In the last few years the technology of LCD monitors has finally adopted the LED backlight. There are some advantages and some improvements in these new products. First the LED backlight requires much less power than the fluorescent tubes. Second, the LED light can give a slightly better appearance to the LCD picture because of the different spectrum of colors.
In practice, the difference between the picture quality with LED backlight or with fluorescent backlight is very small. It is a matter of use. After having seen some LCD monitors with LED backlight on the shelves people do not notice them anymore. It is probably an effect related to the change. The human sight is more sensible to changes in colors and brightness, than to the absolute values of colors or brightness, so after some time we are perfectly accustomed to a kind of picture even if it has lower brightness and a narrower color range. What we are concerned about is instead the electromagnetic field and radiation.
The EMF emissions of LCD - LED monitors are lower respect to LCD monitors with fluorescent tubes, but there is still some very nasty EM radiation. First of all, the power supply is usually internal, and since it is of switching type it creates a lot of electromagnetic emissions on a wide frequency band. Even if the power supply is external, its emissions are carried by the wire and enter in the monitor circuits. Second, the LCD control board is still attached to the back of the LCD module. Third, the various voltages needed by the LED backlight and the other components are obtained by means of DC-to-DC converters which are electronic circuits that work in the same way of switching power supplies. These circuits are embedded in the monitor box, just like the power supply and the control board. Finally the LEDs are used with a pulsed current at medium frequency.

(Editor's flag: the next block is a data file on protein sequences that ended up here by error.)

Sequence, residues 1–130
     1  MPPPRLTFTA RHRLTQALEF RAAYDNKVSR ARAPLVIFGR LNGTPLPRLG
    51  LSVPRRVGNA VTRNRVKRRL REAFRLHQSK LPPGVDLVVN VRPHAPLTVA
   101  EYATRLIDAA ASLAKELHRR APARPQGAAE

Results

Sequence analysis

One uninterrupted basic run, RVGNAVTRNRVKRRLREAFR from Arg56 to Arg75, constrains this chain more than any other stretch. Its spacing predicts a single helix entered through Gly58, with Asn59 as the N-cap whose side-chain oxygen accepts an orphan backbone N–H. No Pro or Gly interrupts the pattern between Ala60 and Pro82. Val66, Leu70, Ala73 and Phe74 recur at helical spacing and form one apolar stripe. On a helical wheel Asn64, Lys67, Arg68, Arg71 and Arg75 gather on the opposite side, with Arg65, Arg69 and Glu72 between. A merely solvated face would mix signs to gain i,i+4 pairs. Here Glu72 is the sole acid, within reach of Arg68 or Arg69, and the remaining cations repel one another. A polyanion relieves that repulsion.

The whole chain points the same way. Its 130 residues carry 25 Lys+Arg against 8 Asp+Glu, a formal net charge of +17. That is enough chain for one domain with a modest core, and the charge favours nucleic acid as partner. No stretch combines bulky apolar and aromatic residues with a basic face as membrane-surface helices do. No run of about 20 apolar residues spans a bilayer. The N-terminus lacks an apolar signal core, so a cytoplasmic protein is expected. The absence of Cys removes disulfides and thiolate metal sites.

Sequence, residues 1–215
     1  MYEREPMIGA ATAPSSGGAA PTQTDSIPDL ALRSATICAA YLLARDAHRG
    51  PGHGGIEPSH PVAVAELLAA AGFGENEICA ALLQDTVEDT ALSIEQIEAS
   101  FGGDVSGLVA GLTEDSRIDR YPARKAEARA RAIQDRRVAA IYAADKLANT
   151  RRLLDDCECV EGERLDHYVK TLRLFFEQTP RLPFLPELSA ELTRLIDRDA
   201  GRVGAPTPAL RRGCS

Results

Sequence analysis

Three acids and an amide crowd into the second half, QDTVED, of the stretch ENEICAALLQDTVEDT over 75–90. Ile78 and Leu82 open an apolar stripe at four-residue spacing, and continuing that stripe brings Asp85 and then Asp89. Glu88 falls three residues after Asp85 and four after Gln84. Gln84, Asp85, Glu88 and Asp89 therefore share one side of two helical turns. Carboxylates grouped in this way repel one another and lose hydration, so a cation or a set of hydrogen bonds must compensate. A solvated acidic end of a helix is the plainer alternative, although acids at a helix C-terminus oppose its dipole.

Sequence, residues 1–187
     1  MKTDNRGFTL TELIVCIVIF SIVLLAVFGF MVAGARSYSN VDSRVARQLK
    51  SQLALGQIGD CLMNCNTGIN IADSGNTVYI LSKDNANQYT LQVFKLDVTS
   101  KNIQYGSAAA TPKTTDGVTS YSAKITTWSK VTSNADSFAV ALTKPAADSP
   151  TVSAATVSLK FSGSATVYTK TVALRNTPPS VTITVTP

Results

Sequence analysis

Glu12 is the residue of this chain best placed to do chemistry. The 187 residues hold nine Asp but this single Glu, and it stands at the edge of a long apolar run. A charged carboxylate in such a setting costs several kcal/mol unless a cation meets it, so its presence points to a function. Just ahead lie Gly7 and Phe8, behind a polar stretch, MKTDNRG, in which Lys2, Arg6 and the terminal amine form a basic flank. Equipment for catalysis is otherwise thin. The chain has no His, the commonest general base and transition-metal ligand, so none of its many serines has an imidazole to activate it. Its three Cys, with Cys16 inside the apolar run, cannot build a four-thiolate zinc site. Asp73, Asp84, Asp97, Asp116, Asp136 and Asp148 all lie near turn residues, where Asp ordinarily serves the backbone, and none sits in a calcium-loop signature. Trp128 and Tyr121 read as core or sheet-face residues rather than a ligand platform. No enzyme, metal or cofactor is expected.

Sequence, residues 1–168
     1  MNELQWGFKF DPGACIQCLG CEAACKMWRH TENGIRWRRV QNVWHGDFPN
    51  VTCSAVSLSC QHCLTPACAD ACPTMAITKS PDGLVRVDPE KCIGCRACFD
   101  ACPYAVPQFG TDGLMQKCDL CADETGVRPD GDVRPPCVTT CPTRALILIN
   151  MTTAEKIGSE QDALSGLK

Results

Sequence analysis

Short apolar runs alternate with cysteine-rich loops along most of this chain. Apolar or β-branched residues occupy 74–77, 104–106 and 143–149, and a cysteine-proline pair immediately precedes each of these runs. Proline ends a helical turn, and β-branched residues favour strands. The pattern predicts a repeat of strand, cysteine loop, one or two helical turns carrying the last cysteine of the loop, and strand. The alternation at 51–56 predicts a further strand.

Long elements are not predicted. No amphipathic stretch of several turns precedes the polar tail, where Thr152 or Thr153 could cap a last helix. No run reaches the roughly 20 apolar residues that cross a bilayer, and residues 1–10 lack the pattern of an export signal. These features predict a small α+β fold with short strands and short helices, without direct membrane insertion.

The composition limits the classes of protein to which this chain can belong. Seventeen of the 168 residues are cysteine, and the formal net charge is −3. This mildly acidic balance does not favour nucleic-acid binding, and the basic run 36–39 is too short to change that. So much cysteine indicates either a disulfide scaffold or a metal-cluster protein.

At first sight, one may think that a commercial LCD monitor with LED backlight could be modified by replacing its internal, or external, power supply with a low EMF one, but in practice this is not possible. To avoid all electromagnetic radiation from the backlight we have to power the LED with smooth DC current, like that from a battery, but to do this the LEDs must be already wired in a suitable circuit for low voltages.
Instead the industries have adopted a more complex circuit with LEDs that works with high voltage, 60 - 100 V, and the current is not constant but pulsed at a medium frequency, 10 kHz - 60 kHz. They do this because in this way the average brightness of the LEDs can be easily trimmed with a small electronic circuit, called a PWM modulator. Instead, the circuits for having a smooth DC are bigger and heavier, and could not be fitted inside a super-slim LCD monitor. Another reason for using the PWM is that there is less lost power, a simple DC circuit usually has to waste some power to achieve the desired voltage, but in practice this would be a very small power, so the true reason because they use the LEDs with a PWM circuit is the smallness of this circuits.
So in practice it is not possible, in general, to simply detach the original power supply and attach another one. Even if we discard the PWM and put the LEDs on a constant voltage, the circuit requires a high voltage, and such high voltage is dangerous, and obtaining a smooth DC voltage of such value requires a power supply even bigger and heavier than usual.
LCD monitors with LED backlight are indeed a little better than LCD monitors with fluorescent backlight for what concerns electromagnetic emissions. If one wants to buy an LCD monitor and he or she is worried about electromagnetic emissions, then the LED backlight ones are surely better.
However this products, as usual, are not designed to avoid electromagnetic emissions as more as possible. They are designed for esthetic appearance only, so they still have a noticeable amount of electromagnetic radiation, especially on the middle and high frequencies, that people who is already partially injured by electromagnetic radiation from monitors and other sources would notice immediately.
LCD monitor emissions
Test of a particular LCD monitor with LED backlight 2012